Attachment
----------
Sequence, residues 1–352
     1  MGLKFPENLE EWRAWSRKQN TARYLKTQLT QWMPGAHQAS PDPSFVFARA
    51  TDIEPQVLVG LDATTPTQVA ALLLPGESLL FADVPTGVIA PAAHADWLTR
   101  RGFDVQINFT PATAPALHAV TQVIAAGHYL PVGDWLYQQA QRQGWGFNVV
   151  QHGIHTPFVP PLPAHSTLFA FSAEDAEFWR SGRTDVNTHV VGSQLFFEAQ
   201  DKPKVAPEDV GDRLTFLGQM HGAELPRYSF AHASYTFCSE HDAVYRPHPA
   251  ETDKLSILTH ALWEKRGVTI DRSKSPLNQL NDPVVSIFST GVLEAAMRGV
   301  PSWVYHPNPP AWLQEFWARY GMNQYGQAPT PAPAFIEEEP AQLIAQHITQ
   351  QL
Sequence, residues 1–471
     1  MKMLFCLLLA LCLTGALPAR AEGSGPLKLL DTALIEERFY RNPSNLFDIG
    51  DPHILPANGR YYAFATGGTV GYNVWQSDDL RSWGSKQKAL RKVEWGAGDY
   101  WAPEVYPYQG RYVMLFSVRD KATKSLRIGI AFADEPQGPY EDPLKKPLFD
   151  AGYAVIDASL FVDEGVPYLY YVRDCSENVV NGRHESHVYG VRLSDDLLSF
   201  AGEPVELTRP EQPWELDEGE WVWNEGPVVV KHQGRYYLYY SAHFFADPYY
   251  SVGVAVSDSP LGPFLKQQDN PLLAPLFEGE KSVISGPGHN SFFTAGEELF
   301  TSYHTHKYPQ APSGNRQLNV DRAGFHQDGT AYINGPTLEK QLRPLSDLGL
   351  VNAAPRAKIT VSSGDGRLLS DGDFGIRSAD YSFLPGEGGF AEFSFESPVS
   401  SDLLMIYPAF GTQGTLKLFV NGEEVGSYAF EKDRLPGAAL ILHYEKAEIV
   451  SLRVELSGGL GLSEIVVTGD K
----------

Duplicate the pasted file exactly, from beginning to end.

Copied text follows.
Sequence, residues 1–352
     1  MGLKFPENLE EWRAWSRKQN TARYLKTQLT QWMPGAHQAS PDPSFVFARA
    51  TDIEPQVLVG LDATTPTQVA ALLLPGESLL FADVPTGVIA PAAHADWLTR
   101  RGFDVQINFT PATAPALHAV TQVIAAGHYL PVGDWLYQQA QRQGWGFNVV
   151  QHGIHTPFVP PLPAHSTLFA FSAEDAEFWR SGRTDVNTHV VGSQLFFEAQ
   201  DKPKVAPEDV GDRLTFLGQM HGAELPRYSF AHASYTFCSE HDAVYRPHPA
   251  ETDKLSILTH ALWEKRGVTI DRSKSPLNQL NDPVVSIFST GVLEAAMRGV
   301  PSWVYHPNPP AWLQEFWARY GMNQYGQAPT PAPAFIEEEP AQLIAQHITQ
   351  QL
Sequence, residues 1–471
     1  MKMLFCLLLA LCLTGALPAR AEGSGPLKLL DTALIEERFY RNPSNLFDIG
    51  DPHILPANGR YYAFATGGTV GYNVWQSDDL RSWGSKQKAL RKVEWGAGDY
   101  WAPEVYPYQG RYVMLFSVRD KATKSLRIGI AFADEPQGPY EDPLKKPLFD
   151  AGYAVIDASL FVDEGVPYLY YVRDCSENVV NGRHESHVYG VRLSDDLLSF
   201  AGEPVELTRP EQPWELDEGE WVWNEGPVVV KHQGRYYLYY SAHFFADPYY
   251  SVGVAVSDSP LGPFLKQQDN PLLAPLFEGE KSVISGPGHN SFFTAGEELF
   301  TSYHTHKYPQ APSGNRQLNV DRAGFHQDGT AYINGPTLEK QLRPLSDLGL
   351  VNAAPRAKIT VSSGDGRLLS DGDFGIRSAD YSFLPGEGGF AEFSFESPVS
   401  SDLLMIYPAF GTQGTLKLFV NGEEVGSYAF EKDRLPGAAL ILHYEKAEIV
   451  SLRVELSGGL GLSEIVVTGD K